Johns was an innovator with a strong sense of fashion and style.  She developed a technique of fluid, Matisse-like drawings done in black wax pencil and overlaid with a collage effect of photographed fabrics or clear colored acetate.  She drew from models, Lisa Fonsegrive, Judy Johnstone, Jackson Pollack’s wife, Lee Krasner,[11] and her daughter, Adrian.  All were tall and willowy.  She would do a series of sketches and, choosing the best one, would put it on a light box and trace over it, still with the wax pencil, to refine.  No erasures were allowed; she had to capture the first impression.[12]
The 1940's and 50's were some of her most productive years in illustration.  She was one of Harper’s Bazaar’s favorite artists.  Art Director Alexander Liberman tried to lure her away to Vogue.  (In an interview with Kate Johns around 1978, he described her as "a seminal modern illustrator.”)  She was a "critic" in fashion illustration at Parsons for the years 1944-45 and 1947-48.[13]  In 1948 she won the prestigious annual Fashion and Style Award from the Art Director's Club in N.Y. for a cover illustration for Harper's Bazaar.[14]  Rosemary Torre, retired professor of fashion illustration at FIT, recently wrote, “For me, Sara Johns was one of the brightest stars in the fashion illustration firmament.  As a fashion illustration student at Parsons School of Design in the fifties, I collected pages of her work and carried them in my sketch book til they were quite worn.  Her work was a marvelous distillation of Dufy and Matisse – avant-garde even by today’s standards”.[15]  Johns’ work is included in the Frances Neady Collection of original fashion illustrations at the Fashion Institute of Technology in NYC.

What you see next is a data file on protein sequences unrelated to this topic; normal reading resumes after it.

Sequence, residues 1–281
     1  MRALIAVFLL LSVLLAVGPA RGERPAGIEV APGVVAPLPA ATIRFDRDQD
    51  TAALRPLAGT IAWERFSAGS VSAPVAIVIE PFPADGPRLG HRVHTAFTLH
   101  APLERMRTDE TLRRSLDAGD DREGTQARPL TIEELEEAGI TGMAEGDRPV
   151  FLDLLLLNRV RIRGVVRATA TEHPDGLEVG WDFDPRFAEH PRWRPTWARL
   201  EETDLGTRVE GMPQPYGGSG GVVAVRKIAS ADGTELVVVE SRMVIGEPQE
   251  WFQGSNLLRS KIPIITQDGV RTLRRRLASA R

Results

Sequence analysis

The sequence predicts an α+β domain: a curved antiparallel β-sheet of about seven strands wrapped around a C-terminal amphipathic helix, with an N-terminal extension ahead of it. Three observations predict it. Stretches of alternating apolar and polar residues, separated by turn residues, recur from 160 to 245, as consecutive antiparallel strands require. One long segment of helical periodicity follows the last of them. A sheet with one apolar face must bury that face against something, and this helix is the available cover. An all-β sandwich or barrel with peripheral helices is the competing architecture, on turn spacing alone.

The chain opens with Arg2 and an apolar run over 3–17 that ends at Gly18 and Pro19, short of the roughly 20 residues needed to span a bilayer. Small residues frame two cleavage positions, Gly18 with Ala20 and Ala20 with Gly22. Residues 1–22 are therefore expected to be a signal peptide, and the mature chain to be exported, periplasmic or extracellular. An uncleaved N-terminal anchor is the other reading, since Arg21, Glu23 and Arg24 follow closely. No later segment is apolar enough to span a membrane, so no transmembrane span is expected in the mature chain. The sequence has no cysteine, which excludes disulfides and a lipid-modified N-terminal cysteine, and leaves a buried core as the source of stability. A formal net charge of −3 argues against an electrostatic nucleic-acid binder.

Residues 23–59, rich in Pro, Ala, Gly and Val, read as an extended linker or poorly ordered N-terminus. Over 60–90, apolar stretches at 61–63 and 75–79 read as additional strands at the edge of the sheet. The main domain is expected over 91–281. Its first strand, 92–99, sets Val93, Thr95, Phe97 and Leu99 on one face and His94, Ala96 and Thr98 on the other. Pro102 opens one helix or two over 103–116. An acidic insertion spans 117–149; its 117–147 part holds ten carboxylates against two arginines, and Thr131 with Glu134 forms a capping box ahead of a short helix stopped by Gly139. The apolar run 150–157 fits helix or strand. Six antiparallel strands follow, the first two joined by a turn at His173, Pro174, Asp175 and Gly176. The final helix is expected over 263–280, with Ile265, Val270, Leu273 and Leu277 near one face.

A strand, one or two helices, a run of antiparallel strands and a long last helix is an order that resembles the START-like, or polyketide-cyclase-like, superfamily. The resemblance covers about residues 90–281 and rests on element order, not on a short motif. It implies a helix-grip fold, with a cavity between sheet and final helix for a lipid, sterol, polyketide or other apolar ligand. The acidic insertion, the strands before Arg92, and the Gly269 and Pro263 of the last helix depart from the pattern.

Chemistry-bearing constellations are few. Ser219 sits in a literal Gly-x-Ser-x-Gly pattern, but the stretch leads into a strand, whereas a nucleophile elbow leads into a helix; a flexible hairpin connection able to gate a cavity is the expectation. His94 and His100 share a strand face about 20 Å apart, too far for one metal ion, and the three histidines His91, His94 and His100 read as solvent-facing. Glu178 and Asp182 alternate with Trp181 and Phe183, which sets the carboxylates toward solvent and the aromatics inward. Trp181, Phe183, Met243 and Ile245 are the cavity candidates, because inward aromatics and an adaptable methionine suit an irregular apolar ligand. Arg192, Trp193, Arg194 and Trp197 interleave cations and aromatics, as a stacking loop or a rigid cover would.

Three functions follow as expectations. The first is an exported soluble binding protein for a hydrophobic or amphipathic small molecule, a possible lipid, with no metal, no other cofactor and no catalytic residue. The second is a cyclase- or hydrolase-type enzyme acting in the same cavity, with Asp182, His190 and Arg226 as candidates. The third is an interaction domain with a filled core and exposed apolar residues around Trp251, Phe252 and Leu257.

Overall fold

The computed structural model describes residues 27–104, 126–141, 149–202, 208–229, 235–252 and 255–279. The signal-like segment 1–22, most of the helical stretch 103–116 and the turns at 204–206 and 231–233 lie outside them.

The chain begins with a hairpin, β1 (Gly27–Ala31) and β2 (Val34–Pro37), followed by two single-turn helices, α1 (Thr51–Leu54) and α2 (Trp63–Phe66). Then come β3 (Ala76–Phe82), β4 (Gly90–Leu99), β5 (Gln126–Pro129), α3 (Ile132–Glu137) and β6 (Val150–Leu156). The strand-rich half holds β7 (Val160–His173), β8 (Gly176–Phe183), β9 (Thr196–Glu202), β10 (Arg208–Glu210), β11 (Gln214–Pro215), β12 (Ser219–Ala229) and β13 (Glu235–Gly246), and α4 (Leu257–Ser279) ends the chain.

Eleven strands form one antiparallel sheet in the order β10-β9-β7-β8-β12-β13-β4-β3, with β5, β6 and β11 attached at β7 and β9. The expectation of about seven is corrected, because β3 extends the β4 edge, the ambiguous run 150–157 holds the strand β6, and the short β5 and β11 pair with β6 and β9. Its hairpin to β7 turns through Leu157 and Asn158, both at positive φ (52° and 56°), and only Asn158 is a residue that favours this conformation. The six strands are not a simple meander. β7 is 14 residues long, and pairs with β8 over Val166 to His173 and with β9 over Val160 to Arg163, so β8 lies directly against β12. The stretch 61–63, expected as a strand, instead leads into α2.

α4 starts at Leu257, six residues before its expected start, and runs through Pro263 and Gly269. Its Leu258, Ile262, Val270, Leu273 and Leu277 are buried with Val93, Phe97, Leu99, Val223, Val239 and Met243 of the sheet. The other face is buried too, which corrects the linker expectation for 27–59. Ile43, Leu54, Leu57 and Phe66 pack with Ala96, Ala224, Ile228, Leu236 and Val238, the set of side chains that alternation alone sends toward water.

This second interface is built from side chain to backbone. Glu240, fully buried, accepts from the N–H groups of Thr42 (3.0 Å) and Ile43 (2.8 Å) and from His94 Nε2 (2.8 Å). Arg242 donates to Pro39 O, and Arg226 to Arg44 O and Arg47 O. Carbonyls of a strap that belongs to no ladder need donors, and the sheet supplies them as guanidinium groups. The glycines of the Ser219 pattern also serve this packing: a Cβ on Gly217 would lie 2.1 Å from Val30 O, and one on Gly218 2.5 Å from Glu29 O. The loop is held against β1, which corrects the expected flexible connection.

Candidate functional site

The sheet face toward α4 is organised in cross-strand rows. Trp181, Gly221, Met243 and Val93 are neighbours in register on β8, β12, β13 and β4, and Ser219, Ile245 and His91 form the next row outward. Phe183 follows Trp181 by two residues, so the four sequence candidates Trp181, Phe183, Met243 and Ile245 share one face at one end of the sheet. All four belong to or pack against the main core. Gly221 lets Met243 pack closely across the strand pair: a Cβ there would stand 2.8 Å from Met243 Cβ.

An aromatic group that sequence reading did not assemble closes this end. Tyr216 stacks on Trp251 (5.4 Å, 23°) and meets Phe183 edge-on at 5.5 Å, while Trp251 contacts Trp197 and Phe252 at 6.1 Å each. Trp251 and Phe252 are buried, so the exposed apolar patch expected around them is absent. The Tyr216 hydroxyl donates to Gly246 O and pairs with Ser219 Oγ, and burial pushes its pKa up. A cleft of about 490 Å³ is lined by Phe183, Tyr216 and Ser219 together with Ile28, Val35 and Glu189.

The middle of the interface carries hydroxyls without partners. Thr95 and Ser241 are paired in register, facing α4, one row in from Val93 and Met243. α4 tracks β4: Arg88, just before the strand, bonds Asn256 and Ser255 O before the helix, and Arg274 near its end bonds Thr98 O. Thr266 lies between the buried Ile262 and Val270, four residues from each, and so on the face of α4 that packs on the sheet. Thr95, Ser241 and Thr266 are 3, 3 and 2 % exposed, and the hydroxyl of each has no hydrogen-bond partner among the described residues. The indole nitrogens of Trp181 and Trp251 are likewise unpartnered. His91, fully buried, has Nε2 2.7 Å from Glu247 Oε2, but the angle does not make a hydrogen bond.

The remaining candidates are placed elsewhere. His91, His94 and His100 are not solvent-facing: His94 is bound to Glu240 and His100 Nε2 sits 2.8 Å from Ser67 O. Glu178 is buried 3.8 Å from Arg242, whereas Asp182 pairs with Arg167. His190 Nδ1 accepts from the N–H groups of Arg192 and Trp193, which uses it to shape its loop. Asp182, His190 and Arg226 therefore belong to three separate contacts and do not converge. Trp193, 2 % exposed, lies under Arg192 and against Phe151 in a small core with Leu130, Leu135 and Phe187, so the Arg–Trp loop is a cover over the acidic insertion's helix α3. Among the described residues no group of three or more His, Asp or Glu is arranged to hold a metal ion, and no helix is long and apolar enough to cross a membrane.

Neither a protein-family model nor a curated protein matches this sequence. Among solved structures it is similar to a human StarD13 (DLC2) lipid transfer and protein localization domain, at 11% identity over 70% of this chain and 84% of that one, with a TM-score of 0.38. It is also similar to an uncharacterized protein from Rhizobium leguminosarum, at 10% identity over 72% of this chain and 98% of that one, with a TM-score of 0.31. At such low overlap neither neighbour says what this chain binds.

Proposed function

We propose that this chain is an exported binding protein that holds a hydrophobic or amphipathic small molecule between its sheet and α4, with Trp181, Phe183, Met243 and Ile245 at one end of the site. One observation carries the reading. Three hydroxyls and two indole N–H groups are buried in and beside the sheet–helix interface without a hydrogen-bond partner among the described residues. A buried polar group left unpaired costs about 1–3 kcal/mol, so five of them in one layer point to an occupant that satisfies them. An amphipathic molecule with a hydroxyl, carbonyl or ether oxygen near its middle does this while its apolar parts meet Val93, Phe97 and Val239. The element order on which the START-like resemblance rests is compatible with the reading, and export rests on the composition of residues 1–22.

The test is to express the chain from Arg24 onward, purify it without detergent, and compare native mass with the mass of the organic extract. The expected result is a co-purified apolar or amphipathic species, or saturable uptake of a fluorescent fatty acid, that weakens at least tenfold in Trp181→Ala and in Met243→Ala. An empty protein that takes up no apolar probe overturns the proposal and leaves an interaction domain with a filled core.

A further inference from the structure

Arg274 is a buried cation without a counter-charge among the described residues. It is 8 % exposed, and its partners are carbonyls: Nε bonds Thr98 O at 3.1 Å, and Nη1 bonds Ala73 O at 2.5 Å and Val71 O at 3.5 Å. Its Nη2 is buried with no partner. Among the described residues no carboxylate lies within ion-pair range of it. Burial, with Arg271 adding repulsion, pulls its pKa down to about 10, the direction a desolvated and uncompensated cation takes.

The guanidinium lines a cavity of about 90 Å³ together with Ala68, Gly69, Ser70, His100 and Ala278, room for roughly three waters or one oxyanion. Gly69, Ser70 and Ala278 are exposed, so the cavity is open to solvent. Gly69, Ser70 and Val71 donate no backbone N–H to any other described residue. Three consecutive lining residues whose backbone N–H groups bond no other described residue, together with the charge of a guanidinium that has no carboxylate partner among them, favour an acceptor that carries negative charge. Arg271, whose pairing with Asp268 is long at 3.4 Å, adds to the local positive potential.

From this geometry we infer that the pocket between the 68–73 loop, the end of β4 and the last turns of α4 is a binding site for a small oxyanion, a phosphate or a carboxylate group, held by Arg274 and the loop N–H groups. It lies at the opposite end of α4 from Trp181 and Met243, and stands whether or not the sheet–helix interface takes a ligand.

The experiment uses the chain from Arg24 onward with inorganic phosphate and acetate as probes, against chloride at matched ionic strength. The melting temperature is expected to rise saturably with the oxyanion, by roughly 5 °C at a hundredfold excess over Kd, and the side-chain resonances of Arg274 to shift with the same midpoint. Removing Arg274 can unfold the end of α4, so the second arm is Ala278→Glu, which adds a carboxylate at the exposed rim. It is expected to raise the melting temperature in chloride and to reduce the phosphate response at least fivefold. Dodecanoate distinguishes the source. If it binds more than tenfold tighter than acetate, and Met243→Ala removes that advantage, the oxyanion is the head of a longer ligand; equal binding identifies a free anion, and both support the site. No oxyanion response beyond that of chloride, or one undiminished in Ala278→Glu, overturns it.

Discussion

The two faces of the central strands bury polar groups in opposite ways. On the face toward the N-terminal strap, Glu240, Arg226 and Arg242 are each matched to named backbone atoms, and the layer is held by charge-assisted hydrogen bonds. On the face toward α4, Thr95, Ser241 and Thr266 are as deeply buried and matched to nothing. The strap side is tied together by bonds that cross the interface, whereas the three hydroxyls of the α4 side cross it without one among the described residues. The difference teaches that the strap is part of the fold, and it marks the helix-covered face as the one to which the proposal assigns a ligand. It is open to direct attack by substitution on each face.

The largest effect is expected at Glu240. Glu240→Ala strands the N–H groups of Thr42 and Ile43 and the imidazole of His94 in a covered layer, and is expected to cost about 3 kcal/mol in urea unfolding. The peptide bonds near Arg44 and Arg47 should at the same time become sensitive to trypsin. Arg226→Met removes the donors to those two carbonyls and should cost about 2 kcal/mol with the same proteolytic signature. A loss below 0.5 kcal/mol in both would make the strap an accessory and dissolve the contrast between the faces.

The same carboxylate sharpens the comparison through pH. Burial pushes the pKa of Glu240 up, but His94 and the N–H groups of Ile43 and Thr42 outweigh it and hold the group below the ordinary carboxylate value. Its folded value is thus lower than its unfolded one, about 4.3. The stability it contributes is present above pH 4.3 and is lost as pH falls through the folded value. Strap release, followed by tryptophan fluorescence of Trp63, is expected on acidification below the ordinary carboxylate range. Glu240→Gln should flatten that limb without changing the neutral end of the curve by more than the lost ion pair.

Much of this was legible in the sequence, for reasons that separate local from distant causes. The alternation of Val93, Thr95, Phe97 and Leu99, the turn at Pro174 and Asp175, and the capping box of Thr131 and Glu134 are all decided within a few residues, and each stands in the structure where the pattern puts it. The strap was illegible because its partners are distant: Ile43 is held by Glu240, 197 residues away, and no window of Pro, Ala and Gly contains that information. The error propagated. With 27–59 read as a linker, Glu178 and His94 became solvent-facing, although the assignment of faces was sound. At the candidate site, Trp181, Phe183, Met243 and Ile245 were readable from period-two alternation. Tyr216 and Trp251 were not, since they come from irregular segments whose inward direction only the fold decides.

Johns continued to illustrate and paint into the 1960’s and died in August 1965 in New York City.  Her painting, In White was exhibited at the PAFA in the 1996 show To Be Modern: American Encounters with Cezanne and Company.[16]
[1] Leibold, Cheryl. Archivist, PAFA.  E-mail to Kate Johns.  September 15, 2006.
[2] Leibold, Cheryl. Archivist, PAFA.  E-mail to Kate Johns.  September 15, 2006.
[3] Archives of PAFA.  Letter from Sara Carles to Arthur B. Carles, from Arthur B. Carles Papers.  September 20, 1920.
[4] Leibold, Cheryl. Archivist, PAFA.  E-mail to Kate Johns.  May 31, 2007.
[5] Wolanin, Barbara A.  Arthur B. Carles; Painting With Color, Pennsylvania Academy of the Fine Arts, 1983, Note 109, p 145.
[5a] Shoemaker, Innis Howe.  Mad for Modernism, Earl Horter and His Collection.  Philadelphia Museum of Art, 1999.
[6] Leibold, Cheryl. Archivist, PAFA.  E-mail to Kate Johns.  May 31, 2007.
[7] Barnes Foundation Archives, AR. ABC. 1925, 1926.
[8] Archives of PAFA.  Letter from Sara Carles to Arthur B. Carles, from Arthur B. Carles Papers.  June 12, 1925.  (There are numerous letters from Sara to Arthur B. Carles in the Academy Archives, Arthur B. Carles papers.)
[9] Barnes Foundation Archives, AR. ABC. 1924, Carles.  1925, Sara.
[10] Archives of American Art.  Earl Horter Papers.  Catalogue of the 134th Annual Exhibit of Painting and Sculpture, January 29 – March 5, 1939.  The Pennsylvania Academy of the Fine Arts.
[11] Landau, Eileen G.; Kraskin, Sandra; Braff, Phyllis; Zakian, Michael.  Mercedes Matter, Mark Borghi Art Publishing Co., 2009.
[12] Johns, Craig.  Interview with Kate Johns.  2006
[13] Barber, Theodore.  Archivist, The Anna-Maria and Stephen Kellen Archives Center, Parsons The New School for Design.  E-mail to Kate Johns.  October 10, 2006.
[14]  Davis, Myrna.  Executive Director, The Art Directors Club, Inc.  E-mail to Kate Johns.  October 5, 2006.
[15] Torre, Rosemary.  E-mail to Kate Johns.  August 28, 2007.
[16] Leibold, Cheryl. Archivist, PAFA.  E-mail to Kate Johns.  June 1, 2007.

Book References:
Boese Wolanin, B. A. (2000). The Orchestration of Color: The Paintings of Arthur B. Carles. Hollis Taggart Galleries

Falk, P. H. (1999) Who Was Who in American Art, 1564-1975. Connecticut: Sound View Press.

Landau, E. G.; Kraskin, S.; Braff, P.; Zakian, M (2009).  Mercedes Matter, Mark Borghi Art Publishing Co.

Meyers, M. A. (2004) Art, Education and African American Culture: Albert Barnes and the Science of Philanthropy. Transaction Publishers.

Petteys, C. (1985) Dictionary of Women Artists: An International Dictionary of Women Artists Born Before 1900. Boston: G.K. Hall.

Shoemaker, I. H. (1999). Mad for Modernism, Earl Horter and His Collection. Philadelphia Museum of Art.

Torre, R. (to be released fall 2011). The Feminine Ideal in 20th Century Fashion Illustration. Dover Publications

Wolanin, B. A. (1983) Arthur B. Carles, Painting With Color. Pennsylvania Academy of the Fine Arts.

Information provided by Kate Johns, the grand-daughter of the artist.